Employee: Cool, thanks. What number am I thinking of right now?
Roger: You're actually thinking about the letter Q.

How can we be less reactive without being clairvoyant? By understanding our business better.

Causes and effects

Most IT work is driven by the impact on the consumer of a service or process. They get an error, they call us. They have a need, they submit a request. This is reactive. No matter how fast you are, the consumer is still impacted.

Consumers are driven by their needs. They create demand on our resources and capabilities to fulfill those needs. Being proactive starts by understand their drivers and how they use our services. We can then monitor those resources and capabilities before demand occurs. 

For example, a sales person enters orders into our system when their customer buys a product. The application is a resource they need to complete their work. So we monitor the application. It goes down. We let the sales force and other stakeholders know and update them on progress until it is back up. This is proactive. We mitigate some or all of the impact of the service outage. Good for them, good for us!

Now let's go another step back on the chain. We mentioned that consumers create our demand. Where does their demand come from? It comes from their consumers! So they would like to be more proactive to their environment so they can be a better service provider. 

What happens the better we understand this environment? We in turn can provide advice on how our consumers can better use our services. We can also modify or add services that help our consumers serve their consumers. In short, we help our consumers be more proactive in their environment. This is innovative. We provide better services that help our consumers serve their market. Now we are serving a more strategic role - awesome!

Reaction is a part of being a service provider and never goes away. The more we can think about how we can be more proactive and innovative, the more we will contribute to business success and distinguish ourselves from other providers. Even if we can't be PreCogs, we can still provide value.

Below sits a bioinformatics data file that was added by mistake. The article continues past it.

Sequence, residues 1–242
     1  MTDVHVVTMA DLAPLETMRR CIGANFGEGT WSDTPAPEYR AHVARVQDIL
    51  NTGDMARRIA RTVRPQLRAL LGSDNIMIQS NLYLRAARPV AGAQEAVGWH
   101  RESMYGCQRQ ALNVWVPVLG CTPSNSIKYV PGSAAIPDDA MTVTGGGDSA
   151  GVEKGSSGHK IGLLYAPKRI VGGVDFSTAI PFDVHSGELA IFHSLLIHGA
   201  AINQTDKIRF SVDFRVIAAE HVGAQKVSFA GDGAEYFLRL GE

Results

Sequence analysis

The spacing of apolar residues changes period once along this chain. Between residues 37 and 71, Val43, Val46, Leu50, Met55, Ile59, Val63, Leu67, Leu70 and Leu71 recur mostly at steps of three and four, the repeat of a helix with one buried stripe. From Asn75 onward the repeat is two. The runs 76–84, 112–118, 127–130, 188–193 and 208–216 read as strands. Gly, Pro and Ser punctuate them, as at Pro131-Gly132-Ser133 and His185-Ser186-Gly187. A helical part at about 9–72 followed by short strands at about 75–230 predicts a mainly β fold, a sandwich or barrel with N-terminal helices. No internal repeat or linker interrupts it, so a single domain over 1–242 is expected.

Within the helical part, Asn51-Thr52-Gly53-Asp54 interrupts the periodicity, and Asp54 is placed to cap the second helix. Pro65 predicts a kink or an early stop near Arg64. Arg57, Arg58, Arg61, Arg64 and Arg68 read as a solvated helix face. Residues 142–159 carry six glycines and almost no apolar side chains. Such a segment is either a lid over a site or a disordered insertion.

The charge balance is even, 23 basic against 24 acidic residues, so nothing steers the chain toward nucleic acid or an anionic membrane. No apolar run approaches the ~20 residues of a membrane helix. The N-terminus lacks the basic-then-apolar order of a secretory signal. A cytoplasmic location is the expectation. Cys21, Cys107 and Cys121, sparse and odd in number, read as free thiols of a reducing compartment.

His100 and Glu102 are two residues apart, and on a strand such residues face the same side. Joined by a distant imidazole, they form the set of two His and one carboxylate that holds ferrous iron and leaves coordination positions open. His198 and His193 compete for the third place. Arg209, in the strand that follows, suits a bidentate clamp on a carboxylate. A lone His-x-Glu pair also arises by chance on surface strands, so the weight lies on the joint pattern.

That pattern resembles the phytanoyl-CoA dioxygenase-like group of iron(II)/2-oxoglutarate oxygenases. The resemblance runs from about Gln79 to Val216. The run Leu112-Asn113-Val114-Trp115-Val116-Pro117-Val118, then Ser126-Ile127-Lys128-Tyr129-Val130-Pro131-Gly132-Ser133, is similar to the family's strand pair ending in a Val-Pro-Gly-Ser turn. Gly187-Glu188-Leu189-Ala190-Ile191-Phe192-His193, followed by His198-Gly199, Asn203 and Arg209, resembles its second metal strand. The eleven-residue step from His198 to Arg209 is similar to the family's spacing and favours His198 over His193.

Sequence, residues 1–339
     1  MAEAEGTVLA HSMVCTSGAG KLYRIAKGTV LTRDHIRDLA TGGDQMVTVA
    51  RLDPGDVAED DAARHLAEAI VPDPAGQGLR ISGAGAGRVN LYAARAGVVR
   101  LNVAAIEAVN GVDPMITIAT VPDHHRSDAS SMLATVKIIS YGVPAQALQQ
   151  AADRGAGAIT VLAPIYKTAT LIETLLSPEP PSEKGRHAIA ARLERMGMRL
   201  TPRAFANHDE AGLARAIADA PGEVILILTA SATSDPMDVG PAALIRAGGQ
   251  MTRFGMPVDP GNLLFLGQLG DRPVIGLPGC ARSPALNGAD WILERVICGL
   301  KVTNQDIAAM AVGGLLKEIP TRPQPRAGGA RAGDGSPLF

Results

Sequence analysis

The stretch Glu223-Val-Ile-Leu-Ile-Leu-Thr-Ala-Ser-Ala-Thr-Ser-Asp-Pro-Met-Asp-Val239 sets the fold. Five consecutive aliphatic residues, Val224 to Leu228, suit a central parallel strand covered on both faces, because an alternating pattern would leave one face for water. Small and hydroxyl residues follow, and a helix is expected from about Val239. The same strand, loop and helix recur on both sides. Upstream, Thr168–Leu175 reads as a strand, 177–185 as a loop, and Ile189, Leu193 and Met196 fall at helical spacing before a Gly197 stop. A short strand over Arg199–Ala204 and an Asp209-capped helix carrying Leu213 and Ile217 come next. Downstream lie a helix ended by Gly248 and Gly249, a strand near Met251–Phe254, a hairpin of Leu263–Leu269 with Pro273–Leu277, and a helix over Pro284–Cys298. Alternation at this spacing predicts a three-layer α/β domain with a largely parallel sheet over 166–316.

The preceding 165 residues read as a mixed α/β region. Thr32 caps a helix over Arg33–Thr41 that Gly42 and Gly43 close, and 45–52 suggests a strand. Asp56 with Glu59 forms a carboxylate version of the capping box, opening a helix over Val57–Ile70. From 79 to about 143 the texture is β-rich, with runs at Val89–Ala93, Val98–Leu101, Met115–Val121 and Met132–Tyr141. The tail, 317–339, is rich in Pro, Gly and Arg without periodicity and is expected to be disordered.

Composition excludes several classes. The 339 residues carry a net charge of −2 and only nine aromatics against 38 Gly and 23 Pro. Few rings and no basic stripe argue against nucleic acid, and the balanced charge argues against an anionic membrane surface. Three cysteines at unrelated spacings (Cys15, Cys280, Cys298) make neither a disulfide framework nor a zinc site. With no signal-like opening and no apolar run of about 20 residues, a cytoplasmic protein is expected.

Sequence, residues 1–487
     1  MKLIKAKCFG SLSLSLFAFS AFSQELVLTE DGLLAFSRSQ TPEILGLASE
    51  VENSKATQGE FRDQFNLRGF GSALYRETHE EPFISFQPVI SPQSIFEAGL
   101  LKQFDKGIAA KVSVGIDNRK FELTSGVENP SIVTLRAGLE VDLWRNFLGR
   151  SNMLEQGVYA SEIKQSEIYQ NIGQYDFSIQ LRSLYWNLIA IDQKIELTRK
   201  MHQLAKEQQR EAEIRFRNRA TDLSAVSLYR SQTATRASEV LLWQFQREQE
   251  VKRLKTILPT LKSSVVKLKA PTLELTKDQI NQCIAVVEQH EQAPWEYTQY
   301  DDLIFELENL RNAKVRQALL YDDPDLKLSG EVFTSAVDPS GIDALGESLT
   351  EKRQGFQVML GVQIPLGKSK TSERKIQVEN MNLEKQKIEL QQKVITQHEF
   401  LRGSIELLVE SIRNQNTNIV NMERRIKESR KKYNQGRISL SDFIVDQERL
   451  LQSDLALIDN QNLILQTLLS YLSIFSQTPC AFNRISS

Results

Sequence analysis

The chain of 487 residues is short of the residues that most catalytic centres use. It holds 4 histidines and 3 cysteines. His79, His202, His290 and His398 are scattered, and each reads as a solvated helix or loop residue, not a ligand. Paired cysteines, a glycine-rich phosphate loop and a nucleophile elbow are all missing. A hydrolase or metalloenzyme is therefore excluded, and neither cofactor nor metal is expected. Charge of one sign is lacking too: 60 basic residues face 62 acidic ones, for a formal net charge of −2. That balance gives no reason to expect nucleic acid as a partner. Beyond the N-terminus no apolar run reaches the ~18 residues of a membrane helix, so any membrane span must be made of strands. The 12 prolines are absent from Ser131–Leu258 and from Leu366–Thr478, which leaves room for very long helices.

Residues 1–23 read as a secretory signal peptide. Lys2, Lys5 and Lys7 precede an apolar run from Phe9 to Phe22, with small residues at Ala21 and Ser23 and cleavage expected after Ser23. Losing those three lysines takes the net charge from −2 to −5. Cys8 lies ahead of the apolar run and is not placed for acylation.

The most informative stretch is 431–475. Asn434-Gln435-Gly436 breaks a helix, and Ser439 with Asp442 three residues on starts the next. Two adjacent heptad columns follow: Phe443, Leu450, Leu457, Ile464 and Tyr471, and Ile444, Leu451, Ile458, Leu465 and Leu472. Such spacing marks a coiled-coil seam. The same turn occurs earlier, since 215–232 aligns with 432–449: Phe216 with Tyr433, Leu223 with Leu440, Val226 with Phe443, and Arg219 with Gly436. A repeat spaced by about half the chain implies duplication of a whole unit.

Saturday, May 19, 2012

Obligatory Introduction Post

Welcome! This blog is my attempt to give back to the IT Service Management community. This post gets the introductory stuff out of the way. Let's tackle this in a Q&A format:

Who am I?

I'm Roger and I am in my mid-30s. I grew up in Oklahoma, got my degree from the University of Arkansas and now live in North Carolina.

What's my ITSM background?

I have been involved with ITSM since 1996. I started working on the help desk for a large retailer in Arkansas and now work at a large retailer in North Carolina. I have held technician and leadership roles in Service Desks and Problem Management groups. I currently lead a small team that performs internal ITSM consulting, process governance and project management.

What certifications do I have?

I am an ITIL v3 Expert, v2 Problem Practitioner and hold an ISO20K Foundations certification.  The value of ideas is my focus, not who's got the bigger cert.

Anything else?

I am open to changing my ideas when better ones present themselves. So feel free to disagree with anything I post and present a case for your thoughts.